750m swim, 20k bike, 5k run
1:25:39 (1/19 AG, 11/65 OA, 54/136 men and women)
"Stripping?" I asked the young man as I approached. "Yes, right over here," he motioned.
I'll get back to that in a second. Now that I have your attention, let's get to the race report. This was my first time at the Cornwall Tri. I put it on my list of "firsts" this year, after hearing glowing reviews from numerous athletes. It did not disappoint.
|The OTC gang at Cornwall|
Swim (750m) -- 17:09
Thanks to a helpful volunteer who told me my time as I came out of the water, I don't have to guesstimate how much of my swim split was the transition time. I didn't feel as strong on this swim as I did last week in Brockville. The crowd at the start line was very spread out, and I didn't manage to catch a draft off the leaders. I did have a couple of people following my feet, and a small group of us came out of the water at the same time. There were plastic mats fixed underwater at the swim entrance/exit, which provided really good footing. Here's where the stripping inquiry came in. I decided to avail myself of the wetsuit peelers (no, I am not making this up). I quickly pulled my suit down to my hips and laid down on the grass. In one motion, the fellow helping me had the rest of the suit off (gotta love those stretchy Roka quick-release ankles, and liberal application of Body Glide). The whole process didn't take more than a few seconds... well worth it, as it saved me having to stomp my way out of my suit while getting my bike helmet on. I exited T1 in 15th position overall, and 2nd in my age group.
|Set up in our numbered rack spaces|
Bike (20k) -- 38:50
My goal this season was to hit 30km/h average on my bike legs (with the exception of Magog, where the course rides slower). I've done that a few times this season, and today I hit a personal best average speed of 30.9 km/h. The course was very engaging, starting with a false flat that had you thinking "why do I feel so slow??" until you came back down the other direction. It swung into a research park, introducing a fun set of curves and little rolling spots. A section down the main street ended in another fun "up, down and around" to take us into the second loop. The course was closed along its entirety, so we had plenty of room to negotiate the turns. The little jog toward the transition area included a (very well-marked) speed bump and some zigzagging, keeping us on our toes to the dismount line. I managed to move up a few spots on the bike overall, and into the age group lead.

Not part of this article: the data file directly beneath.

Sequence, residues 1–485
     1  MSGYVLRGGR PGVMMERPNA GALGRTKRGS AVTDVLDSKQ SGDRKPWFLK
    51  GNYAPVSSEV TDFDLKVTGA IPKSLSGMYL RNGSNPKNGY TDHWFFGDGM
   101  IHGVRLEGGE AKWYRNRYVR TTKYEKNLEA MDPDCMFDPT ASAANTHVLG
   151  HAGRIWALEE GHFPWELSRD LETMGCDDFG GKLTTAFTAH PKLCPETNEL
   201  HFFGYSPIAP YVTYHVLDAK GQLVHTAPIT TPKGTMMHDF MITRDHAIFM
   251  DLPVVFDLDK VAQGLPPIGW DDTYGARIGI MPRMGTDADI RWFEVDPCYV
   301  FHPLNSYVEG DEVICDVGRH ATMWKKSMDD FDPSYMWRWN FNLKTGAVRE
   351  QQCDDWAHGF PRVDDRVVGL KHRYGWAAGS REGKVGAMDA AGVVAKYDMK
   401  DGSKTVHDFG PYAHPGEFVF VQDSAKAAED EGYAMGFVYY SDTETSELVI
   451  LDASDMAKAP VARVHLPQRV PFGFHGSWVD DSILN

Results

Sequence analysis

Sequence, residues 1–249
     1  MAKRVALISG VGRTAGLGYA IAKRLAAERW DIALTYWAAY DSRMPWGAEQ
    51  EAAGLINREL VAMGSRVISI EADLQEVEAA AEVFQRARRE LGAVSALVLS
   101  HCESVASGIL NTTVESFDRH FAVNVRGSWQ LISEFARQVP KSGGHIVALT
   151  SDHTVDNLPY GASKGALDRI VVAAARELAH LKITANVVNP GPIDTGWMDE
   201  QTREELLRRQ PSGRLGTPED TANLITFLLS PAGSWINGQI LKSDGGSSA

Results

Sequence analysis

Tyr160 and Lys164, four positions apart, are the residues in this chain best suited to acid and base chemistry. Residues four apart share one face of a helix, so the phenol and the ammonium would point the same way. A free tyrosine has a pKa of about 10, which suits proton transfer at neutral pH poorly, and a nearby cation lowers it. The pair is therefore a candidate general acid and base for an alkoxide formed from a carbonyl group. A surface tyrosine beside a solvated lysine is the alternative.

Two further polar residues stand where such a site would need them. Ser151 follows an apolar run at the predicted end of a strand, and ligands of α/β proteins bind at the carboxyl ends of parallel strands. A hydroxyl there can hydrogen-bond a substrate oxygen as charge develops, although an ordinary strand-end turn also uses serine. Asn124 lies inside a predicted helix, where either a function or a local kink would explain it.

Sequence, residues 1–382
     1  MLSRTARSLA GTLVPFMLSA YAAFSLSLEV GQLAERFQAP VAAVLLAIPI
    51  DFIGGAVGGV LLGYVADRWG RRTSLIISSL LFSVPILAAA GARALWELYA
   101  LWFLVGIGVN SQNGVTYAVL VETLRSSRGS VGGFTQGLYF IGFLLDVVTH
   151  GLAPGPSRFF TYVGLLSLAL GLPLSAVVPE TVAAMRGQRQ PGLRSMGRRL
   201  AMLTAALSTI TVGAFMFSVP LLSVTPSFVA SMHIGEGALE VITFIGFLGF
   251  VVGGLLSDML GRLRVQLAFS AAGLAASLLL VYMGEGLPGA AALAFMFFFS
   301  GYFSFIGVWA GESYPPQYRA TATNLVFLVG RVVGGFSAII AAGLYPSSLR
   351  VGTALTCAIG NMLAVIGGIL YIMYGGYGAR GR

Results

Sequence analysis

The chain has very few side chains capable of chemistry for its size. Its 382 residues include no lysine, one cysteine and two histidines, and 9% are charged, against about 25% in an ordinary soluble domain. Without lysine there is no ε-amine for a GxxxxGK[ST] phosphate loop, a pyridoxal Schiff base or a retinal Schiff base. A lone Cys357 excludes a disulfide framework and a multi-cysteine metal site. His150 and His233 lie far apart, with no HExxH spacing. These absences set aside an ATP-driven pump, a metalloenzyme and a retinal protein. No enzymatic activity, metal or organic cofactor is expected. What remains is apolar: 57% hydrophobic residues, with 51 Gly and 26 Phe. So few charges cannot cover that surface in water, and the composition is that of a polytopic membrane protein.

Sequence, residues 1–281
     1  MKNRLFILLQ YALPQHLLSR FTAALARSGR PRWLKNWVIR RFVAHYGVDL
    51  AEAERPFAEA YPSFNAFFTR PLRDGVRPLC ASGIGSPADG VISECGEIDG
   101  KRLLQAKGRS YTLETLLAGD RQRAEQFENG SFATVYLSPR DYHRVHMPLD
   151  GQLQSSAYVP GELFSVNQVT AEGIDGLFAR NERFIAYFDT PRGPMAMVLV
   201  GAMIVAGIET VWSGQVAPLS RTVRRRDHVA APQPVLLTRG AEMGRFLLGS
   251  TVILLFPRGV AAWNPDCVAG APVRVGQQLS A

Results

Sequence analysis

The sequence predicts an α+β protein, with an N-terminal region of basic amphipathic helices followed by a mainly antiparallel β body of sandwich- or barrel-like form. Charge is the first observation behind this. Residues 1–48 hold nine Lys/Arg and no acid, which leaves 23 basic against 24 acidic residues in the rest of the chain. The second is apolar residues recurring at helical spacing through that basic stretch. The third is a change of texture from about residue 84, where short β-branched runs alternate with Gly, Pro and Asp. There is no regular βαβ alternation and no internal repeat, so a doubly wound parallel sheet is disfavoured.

Run (5k) + T2 -- 27:34
How, oh how can 5k seem so long. It's like some strange space/time warp. I did not feel good on the run today. I can't believe I actually ran faster at the Tremblant 5150, 3 days off an injury, where I just jogged it in and let people pass me, smiling the whole way -- mind you, I also took the bike really easy at that race. (Edit -- just realized Cornwall includes T2, Tremblant doesn't)
About 2k in today, I started feeling a bit of a stitch under my rib, but it was mild enough to ignore. I threw down Gatorade at each aid station (sort of, I actually kind of tossed it in the direction of my face and swallowed what I could). By 3k, I had a stitch on the other side, right under my right ribs. This one was more uncomfortable. Whatever... run through it. Look, a seagull! Hey, someone's selling that car. What do they want for it? $15,000 -- hmm, seems steep. I heard footsteps behind me, and couldn't help turning around. "Oh good, you're not a girl" I remarked to the tri relay fellow who ultimately passed me. At 4k, I pressed a fist into my ribs in case that might somehow help. I managed to pass a woman in that last km, unsure if she was even in my event. Mercifully, the finish line was closer to the road that I anticipated. I gulped down the bottle of cold water I was handed as I crossed. I felt pretty rotten, but I had given it everything I could. Others I talked to seemed to feel the same way, that the run took a lot out of them. I had felt a bit of sensation yesterday in the spot that was injured a couple of months ago, so I made my way over to the physio table so they could take a look. I'm glad I did, as he worked at it a bit, it started to spasm. He very nicely helped me stretch it out.
At the awards, I wasn't sure how I had ended up until I heard my name called. I excitedly received my "podium 2015" beer mug, but still wasn't sure where on the podium I had landed. Only when I checked online did I see that I won my age group.